Property Rights in the Age of Enterprise, Volume 2
James W. Ely
Taylor & Francis, 1997 - Law - 426 pages
When BBC producer Jan Harding arrives at the small idyllic Suffolk village to begin production of the Palm Sunday broadcast of Songs of Praise--a television program featuring hymns sung by real congregations--she finds out that the vicar, Clive Linton, is hopelessly absent-minded and not impressed that the top BBC religious program chose to come to his church. His practical wife, Helen, however, gets on well with the television team--perhaps a little too well, where the charming, enigmatic rigger Michael is concerned.
Soon the whole village gets involved. Bunty Maddocks, queen of every local committee, plots to get around the ban on church flowers during Lent; retired, lonely accountant Jack Diggens finds purpose, faith, and friendship as he plans tickets and seating; teenage soloist Anna surprises herself with her success; and obstructive Charles, chairman of the Parish Council, resents the enthusiasm of other villagers--including his wife, Betty.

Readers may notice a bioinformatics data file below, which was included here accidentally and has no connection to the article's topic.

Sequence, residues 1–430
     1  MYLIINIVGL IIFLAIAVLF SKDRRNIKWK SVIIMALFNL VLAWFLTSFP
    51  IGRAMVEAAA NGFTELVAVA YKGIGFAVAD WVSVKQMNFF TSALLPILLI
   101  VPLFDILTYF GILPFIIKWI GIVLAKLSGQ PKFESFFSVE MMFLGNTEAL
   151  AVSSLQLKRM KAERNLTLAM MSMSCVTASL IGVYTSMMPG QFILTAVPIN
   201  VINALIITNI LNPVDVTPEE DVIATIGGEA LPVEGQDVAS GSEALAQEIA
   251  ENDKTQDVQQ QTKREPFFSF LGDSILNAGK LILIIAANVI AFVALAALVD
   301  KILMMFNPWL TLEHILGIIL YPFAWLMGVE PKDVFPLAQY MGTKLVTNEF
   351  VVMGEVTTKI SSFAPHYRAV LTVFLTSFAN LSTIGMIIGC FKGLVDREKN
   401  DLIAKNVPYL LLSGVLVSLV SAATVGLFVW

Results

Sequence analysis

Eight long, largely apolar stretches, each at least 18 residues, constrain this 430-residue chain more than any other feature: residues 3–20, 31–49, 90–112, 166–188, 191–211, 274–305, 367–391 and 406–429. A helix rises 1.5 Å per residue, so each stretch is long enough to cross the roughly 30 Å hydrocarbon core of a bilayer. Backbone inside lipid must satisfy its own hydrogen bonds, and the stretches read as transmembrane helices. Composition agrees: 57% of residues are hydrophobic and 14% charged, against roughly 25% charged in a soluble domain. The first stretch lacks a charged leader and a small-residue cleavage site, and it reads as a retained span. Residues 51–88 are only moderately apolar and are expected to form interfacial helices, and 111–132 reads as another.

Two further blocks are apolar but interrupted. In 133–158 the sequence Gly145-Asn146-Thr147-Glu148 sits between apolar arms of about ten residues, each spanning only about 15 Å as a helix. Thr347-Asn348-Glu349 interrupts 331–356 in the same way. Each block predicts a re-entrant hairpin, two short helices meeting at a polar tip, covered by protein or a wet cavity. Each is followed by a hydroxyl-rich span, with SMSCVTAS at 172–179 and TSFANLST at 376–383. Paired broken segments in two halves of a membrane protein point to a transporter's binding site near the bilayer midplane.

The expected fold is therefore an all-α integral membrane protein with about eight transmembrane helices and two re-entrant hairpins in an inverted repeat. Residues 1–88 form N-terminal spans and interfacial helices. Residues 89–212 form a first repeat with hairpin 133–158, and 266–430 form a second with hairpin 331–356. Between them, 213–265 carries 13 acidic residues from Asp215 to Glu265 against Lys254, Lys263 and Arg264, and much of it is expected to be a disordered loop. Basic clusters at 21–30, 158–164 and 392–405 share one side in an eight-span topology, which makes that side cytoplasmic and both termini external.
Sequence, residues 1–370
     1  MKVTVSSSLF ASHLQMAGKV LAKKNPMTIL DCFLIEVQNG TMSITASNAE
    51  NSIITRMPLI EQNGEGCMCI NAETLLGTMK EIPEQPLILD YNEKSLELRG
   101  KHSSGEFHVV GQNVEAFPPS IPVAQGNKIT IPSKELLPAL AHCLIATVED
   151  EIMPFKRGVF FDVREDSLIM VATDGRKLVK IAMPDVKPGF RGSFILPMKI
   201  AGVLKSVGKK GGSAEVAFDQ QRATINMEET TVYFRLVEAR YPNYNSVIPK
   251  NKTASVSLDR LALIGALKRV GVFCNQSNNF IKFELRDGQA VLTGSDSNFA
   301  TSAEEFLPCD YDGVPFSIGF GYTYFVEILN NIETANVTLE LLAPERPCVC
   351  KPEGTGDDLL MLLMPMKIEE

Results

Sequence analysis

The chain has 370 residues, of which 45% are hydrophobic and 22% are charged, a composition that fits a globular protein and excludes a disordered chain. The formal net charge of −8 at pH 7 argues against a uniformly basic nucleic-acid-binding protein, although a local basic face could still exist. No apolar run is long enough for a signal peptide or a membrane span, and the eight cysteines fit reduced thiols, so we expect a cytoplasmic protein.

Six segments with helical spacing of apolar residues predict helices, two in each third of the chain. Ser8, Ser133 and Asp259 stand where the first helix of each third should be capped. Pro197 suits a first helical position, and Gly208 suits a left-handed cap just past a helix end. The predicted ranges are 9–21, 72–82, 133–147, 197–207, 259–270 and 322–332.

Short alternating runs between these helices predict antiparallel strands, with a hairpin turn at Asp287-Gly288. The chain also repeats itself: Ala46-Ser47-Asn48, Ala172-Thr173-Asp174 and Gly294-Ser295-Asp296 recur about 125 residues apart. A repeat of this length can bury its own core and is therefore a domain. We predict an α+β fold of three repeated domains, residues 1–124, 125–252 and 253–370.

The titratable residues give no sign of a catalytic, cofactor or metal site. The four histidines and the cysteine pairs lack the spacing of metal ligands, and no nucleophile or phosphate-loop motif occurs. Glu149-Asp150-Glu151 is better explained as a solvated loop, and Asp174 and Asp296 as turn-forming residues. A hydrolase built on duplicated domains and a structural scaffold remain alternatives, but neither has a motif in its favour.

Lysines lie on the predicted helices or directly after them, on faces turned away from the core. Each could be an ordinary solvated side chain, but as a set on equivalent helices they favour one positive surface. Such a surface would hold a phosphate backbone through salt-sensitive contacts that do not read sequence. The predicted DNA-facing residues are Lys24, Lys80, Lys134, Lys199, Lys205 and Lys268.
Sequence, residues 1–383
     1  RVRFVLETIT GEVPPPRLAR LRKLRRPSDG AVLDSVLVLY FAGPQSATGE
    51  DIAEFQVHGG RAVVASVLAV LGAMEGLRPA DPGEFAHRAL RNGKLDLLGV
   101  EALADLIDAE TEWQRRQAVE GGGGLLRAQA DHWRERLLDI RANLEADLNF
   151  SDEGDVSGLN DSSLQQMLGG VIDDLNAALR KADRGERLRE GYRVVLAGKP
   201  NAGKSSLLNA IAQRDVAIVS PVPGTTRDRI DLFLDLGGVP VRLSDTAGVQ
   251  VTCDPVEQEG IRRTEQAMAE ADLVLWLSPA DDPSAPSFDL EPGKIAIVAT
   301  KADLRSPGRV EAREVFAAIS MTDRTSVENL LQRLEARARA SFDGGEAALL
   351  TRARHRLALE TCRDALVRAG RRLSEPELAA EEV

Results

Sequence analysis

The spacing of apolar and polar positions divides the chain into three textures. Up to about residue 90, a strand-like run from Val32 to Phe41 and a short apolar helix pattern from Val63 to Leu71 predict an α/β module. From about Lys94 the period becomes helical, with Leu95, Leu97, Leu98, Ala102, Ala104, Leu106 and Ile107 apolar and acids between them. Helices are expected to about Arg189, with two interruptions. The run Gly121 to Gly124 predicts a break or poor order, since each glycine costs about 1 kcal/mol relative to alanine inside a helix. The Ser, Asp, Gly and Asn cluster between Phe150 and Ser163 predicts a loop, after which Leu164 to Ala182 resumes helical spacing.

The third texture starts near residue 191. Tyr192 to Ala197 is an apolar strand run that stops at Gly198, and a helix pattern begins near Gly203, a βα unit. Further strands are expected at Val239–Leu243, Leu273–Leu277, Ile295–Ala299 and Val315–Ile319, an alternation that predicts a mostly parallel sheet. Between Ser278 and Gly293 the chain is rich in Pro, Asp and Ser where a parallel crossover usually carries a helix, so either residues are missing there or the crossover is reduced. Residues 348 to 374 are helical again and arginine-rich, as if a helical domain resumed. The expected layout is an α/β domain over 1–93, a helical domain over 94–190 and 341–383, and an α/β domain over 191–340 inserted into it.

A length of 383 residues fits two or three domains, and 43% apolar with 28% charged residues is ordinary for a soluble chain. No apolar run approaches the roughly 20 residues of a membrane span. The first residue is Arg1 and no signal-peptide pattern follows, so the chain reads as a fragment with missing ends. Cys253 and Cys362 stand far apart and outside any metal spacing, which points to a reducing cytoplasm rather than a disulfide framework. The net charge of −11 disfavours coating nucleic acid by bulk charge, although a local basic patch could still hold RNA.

This delightful story, full of memorable characters and inspiring music, will make you laugh and cry and gives a fascinating insight into the making of a major television broadcast.
"Very readable. . . . Warm and witty" --Woman's Weekly
"A gripping story which touches some very basic emotions. . . . Captures wonderfully the two extremes of village life. . . . This is very powerful stuff." --Barbara Erskine
"Very moving, very powerful intimate moments. . . . I really did enjoy it." --Lynn Parson, BBC Radio 2
"The characters and situations were so good that I got lost in the book. All I can say is, well done, Pam " --The Lincolnshire Echo
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